INDIANAPOLIS — OK, Loyola-Chicago. Time to put your money where the muttering has been.
The Ramblers will get the chance to prove they were under-seeded, and maybe a bit disrespected, with a second-round matchup Sunday against in-state neighbor and No. 1 seed Illinois. Loyola held off a surprisingly resilient Georgia Tech, which was playing without ACC player of the year Moses Wright, 71-60 in the first round.
Loyola has won seven in a row, and 18 of its last 19, and was puzzled when it found itself as an eighth seed, pitted against arguably the hottest team coming into the tournament in the second round. A state rival, at that – if you can call a small, Catholic, mid-major and a Power-5 flagship state university rivals, that is.
Even Sister Jean Dolores Schmidt, Loyola’s 101-year-old team chaplain and America’s favorite nun, threw shade at the Selection Committee earlier this week, saying “nobody thinks it’s a fair bracket.”
But that’s life as a mid-major. You’ll get no favors in the NCAA men’s tournament, and your only choices are to sulk or show up the supposed experts.
Loyola Chicago coach Porter Moser asked if he’ll use the idea that the Ramblers were under-seeded as motivation with his team. “I have 48 hours to fan that flame,” Moser said. “And I’m gonna. That flame will be fanned.”
Loyola would prefer the show up option – even if coach Porter Moser did acknowledge Wednesday that he wasn’t above using Loyola’s seeding as bulletin board material, at least ahead of the first-round game with Georgia Tech.
“I have 48 hours to fan that flame," Moser said then. "And I'm gonna. That flame will be fanned."
The Ramblers will need far more than motivational tactics against Illinois, which, if it has a weakness right now, it’s nearly impossible to see. The Illini breezed past 16th-seeded Drexel earlier Friday, with four players in double figures, including Ayo Dosunmu with a double-double.
“I have an amazing amount of respect for how good they are. They’re terrific,” Moser said. “They play hard, they play both ends, they’re extremely well-coached. We’re looking forward to the opportunity.”
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Ramblers guard Lucas Williamson and center Cameron Krutwig are the only players left from Loyola-Chicago's 2018 Final Four team. (Photo: Marc Lebryk, USA TODAY Sports)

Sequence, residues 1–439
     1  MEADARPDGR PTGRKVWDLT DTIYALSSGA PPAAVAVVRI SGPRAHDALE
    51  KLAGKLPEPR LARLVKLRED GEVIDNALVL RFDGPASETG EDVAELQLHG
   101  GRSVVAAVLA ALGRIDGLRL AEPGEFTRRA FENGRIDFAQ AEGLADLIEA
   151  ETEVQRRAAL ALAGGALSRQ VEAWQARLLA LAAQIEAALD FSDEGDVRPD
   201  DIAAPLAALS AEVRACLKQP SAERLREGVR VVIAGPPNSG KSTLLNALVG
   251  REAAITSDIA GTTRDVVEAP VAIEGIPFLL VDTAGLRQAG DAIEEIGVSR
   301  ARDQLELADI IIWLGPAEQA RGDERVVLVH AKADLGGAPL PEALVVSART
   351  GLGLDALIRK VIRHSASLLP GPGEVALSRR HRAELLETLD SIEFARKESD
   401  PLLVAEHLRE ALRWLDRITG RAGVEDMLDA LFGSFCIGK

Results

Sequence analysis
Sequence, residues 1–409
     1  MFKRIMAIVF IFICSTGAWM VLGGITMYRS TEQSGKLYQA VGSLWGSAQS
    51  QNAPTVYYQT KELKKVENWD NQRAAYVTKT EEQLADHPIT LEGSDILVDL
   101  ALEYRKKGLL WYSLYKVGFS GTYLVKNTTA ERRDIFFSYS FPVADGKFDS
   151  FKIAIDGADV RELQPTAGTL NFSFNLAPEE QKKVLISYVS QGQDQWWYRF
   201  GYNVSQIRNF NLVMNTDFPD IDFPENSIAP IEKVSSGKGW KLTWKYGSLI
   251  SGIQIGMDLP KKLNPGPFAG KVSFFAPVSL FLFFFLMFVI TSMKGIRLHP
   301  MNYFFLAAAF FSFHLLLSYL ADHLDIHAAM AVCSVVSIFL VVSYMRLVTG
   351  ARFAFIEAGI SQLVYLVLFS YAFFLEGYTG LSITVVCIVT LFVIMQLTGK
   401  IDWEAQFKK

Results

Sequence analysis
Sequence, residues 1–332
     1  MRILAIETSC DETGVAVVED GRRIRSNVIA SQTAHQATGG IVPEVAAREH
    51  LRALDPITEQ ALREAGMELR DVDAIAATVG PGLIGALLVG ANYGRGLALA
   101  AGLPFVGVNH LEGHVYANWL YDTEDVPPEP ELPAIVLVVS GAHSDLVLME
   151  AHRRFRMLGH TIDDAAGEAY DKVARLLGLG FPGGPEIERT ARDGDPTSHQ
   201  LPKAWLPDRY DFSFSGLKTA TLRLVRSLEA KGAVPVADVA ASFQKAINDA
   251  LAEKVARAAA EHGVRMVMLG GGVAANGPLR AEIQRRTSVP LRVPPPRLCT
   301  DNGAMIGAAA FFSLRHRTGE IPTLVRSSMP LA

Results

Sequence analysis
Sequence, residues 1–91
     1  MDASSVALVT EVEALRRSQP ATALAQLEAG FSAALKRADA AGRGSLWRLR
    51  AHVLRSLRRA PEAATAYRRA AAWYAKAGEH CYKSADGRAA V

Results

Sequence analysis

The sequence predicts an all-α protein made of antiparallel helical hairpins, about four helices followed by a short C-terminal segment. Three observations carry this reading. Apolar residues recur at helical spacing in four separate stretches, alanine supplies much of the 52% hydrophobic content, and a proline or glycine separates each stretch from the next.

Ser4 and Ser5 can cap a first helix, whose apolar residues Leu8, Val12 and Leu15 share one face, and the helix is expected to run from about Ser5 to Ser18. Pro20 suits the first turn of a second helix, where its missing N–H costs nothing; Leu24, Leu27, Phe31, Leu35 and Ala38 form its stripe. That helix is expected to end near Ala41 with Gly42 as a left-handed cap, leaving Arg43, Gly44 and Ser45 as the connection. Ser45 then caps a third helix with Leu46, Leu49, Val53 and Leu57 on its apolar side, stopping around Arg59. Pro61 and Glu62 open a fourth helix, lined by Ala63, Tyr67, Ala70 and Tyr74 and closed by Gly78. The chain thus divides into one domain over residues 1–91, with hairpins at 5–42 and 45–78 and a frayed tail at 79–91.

Loyola knows as well as anyone that no team is unbeatable in the NCAA tournament. The Ramblers, after all, reached the Final Four as an 11th seed in 2018, knocking off third-seeded Tennessee in the second round. Only two players with measurable playing time – Lucas Williamson and Cameron Krutwig – are left from that squad, and the postseason is a new experience for everybody else.
Which might explain why Loyola got off to such a rocky start against Georgia Tech, falling behind by double figures a little over six minutes in.
The beauty of that 2018 team was that Donte Ingram, Marques Townes and Clayton Custer weren’t just Loyola’s best players, they were its loudest, too. Constantly chirping and talking themselves and their teammates up. That lesson rubbed off on Williamson, who could be seen telling his teammates to settle down and enjoy the moment.
“We were a little shaky, so I knew I wanted to step up as a leader and give my team confidence,” Williamson said. “That’s what I wanted to do early, and I just rolled a hot hand the rest of the game.”
Sure enough, rather than trying to force things, Loyola locked in on defense and let the offense right itself. Williamson had 11 in the first half, and 10 more in the second to lead four Ramblers in double figures. He also led Loyola with six rebounds.
“When you’re vocal and you’re backing it up with your effort, it equals (a) lot of confidence in yourself and the other guys,” Moser said.
And that is what ought to concern Illinois, and everyone else still playing. The Ramblers don’t see themselves as underdogs. They know they have the game to play with anyone – you could conduct clinics around their passes, and you could watch games all day and not see anyone with a sweeter stroke than Williamson or Braden Norris – and they’re not afraid to get down and dirty, either. Without Wright, Moser impressed the importance of the offensive glass, and Loyola responded with 17 offensive rebounds – matching Georgia Tech’s rebounding total – and 15 second-chance points.
Would Loyola rather be playing somebody less imposing Sunday? Sure. But nobody gets a run of gimmes in the NCAA tournament. You’re going to come up against the best at some point, be it Sunday or two weeks from now.
“I’m just trying to survive and advance,” Williamson said. “Illinois is going to be a tough matchup for us, we know they’re one of the best in the country. I’m just focused on whoever is in front of me and it just happens to be Illinois.”
Three years ago, Loyola busted almost everybody's brackets on the way to the Final Four. Well, here's the Ramblers chance to do it again.
Follow USA TODAY Sports columnist Nancy Armour on Twitter @nrarmour.
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